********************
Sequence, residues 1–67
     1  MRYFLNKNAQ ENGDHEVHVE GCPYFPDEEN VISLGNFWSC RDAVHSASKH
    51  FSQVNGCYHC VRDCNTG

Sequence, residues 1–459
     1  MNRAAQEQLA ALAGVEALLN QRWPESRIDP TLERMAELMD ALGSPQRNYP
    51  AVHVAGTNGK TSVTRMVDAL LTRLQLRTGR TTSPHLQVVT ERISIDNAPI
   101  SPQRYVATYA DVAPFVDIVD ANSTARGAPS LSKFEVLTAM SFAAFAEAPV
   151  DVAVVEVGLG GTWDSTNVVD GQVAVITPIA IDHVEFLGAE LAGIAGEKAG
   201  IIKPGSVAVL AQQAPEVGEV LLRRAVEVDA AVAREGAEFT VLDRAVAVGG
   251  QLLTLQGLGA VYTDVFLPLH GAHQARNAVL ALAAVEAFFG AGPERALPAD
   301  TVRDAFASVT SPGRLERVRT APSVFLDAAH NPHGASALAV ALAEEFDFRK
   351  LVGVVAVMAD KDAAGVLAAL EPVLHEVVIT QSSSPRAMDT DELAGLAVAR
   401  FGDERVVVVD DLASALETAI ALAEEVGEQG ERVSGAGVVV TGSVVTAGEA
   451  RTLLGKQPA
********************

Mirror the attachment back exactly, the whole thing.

Sequence, residues 1–67
     1  MRYFLNKNAQ ENGDHEVHVE GCPYFPDEEN VISLGNFWSC RDAVHSASKH
    51  FSQVNGCYHC VRDCNTG

Sequence, residues 1–459
     1  MNRAAQEQLA ALAGVEALLN QRWPESRIDP TLERMAELMD ALGSPQRNYP
    51  AVHVAGTNGK TSVTRMVDAL LTRLQLRTGR TTSPHLQVVT ERISIDNAPI
   101  SPQRYVATYA DVAPFVDIVD ANSTARGAPS LSKFEVLTAM SFAAFAEAPV
   151  DVAVVEVGLG GTWDSTNVVD GQVAVITPIA IDHVEFLGAE LAGIAGEKAG
   201  IIKPGSVAVL AQQAPEVGEV LLRRAVEVDA AVAREGAEFT VLDRAVAVGG
   251  QLLTLQGLGA VYTDVFLPLH GAHQARNAVL ALAAVEAFFG AGPERALPAD
   301  TVRDAFASVT SPGRLERVRT APSVFLDAAH NPHGASALAV ALAEEFDFRK
   351  LVGVVAVMAD KDAAGVLAAL EPVLHEVVIT QSSSPRAMDT DELAGLAVAR
   401  FGDERVVVVD DLASALETAI ALAEEVGEQG ERVSGAGVVV TGSVVTAGEA
   451  RTLLGKQPA